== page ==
Who exactly is the enemy in the continuing U.S. war against terrorism?
In some cases, the answer is: It's a secret.
When the United States began its war against
That resolution, called the Authorization for the Use of Military Force, remains the legal underpinning for most counter-terrorist operations today.
Since 2001, however, the target list has grown. Al Qaeda offshoots have sprung up in
Nevertheless, both the Bush and
In many cases, that's a reasonably clear standard. When Al Qaeda's Yemen affiliate put a terrorist with explosives in his underwear on a flight to Detroit, the target was plainly the U.S.
But other cases are more ambiguous. Does the Shabab militia in Somalia qualify? They are Islamic terrorists and a danger to East Africa, but they pose little threat to the United States. Does Ansar al Sharia, the group that attacked a U.S. mission in Libya last year but has loose ties to Al Qaeda, fit in? What about Al Nusra Front in Syria, a group born as part of the uprising against
All are violent extremists who might gladly kill Americans given the opportunity. But Congress certainly didn't have them in mind when it approved the AUMF.
"None of us, not one who voted for it, could have envisioned we were voting for the longest war in American history, or that we were about to give future presidents the authority to fight terrorism as far-flung as Yemen and Somalia," Sen.
So Congress is, belatedly, pondering whether the 12-year-old law needs to be revised. For some, like Durbin, the problem is that the resolution has turned into a blank check. For others, such as Sen.
At a stormy hearing of the Senate Armed Services Committee last month, Sen.
That answer — "trust us," in effect — didn't mollify Levin. He asked again for a list.
"I'm not sure there is a list per se," Sheehan replied. But he promised to put one together.
I asked both the committee and the Pentagon this week whether the list could be publicly released. Neither gave a clear reply. If there is an enemies list, it is still secret.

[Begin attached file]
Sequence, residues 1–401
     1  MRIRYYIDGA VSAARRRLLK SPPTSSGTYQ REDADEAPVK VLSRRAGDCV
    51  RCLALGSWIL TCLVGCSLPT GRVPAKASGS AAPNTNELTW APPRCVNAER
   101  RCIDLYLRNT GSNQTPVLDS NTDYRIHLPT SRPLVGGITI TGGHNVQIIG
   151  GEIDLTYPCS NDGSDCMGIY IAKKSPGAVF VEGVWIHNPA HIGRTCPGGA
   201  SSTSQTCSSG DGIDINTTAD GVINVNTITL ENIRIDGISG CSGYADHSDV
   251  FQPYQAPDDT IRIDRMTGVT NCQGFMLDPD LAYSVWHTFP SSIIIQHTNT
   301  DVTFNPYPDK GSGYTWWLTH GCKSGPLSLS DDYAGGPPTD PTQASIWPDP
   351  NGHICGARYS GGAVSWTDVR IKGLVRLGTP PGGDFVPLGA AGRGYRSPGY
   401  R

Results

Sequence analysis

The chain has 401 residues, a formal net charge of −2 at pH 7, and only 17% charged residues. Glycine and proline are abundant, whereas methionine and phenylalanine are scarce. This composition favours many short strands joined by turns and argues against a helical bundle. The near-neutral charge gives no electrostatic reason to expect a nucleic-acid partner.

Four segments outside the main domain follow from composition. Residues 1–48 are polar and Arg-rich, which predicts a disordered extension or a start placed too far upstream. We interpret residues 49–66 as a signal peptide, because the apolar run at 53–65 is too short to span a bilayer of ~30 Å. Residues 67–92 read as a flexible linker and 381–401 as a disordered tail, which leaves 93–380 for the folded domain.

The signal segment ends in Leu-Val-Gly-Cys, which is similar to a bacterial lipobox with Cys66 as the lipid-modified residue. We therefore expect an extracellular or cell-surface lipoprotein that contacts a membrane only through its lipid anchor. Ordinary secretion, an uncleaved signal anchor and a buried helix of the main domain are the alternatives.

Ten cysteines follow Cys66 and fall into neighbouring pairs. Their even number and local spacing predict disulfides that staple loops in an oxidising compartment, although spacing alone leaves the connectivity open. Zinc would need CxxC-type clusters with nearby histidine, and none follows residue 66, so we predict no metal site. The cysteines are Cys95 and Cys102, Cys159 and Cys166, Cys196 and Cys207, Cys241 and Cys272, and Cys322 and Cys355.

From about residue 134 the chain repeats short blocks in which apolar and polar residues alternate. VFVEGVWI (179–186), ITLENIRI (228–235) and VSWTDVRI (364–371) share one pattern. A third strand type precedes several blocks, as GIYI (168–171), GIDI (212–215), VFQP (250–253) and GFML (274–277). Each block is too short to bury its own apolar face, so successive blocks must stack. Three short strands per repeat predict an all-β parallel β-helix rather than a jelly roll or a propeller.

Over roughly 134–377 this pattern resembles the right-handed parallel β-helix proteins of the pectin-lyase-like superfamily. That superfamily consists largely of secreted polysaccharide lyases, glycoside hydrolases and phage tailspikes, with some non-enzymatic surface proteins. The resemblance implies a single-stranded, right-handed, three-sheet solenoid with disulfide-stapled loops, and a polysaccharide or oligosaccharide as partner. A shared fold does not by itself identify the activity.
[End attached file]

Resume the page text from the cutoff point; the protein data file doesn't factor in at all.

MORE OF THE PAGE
If Congress does revise the AUMF, it's unlikely to make much of a practical difference in the way the United States fights terrorists. Most members of Congress still support drone strikes against known terrorists, even U.S. citizens like Anwar Awlaki, who was killed by a drone strike in Yemen in 2011. They'd just like to be asked for permission before the war expands to new countries, such as Mali, where the United States aided French forces earlier this year.
The Constitution and international law give the president the power to act in self-defense against any imminent threat, even without an AUMF. And, as University of Texas law professor Robert M. Chesney notes, the Obama administration has already interpreted "imminent threat" to mean something closer to any "continuous threat," not just attacks that are about to happen.
So when President Obama endorsed the idea of revising the AUMF in his speech on counter-terrorism last month, he wasn't giving up much. Congress was already looking at the issue.
As Obama has made clear in Afghanistan and Syria, he's looking for ways to get out of old wars, not into new ones. The effect, if any, will mostly be to limit the freedom of Obama's successor to use force.
But there is one thing the incumbent president can do: He can tell his Pentagon to be clearer and less secretive about the criteria it uses to decide which terrorists merit the application of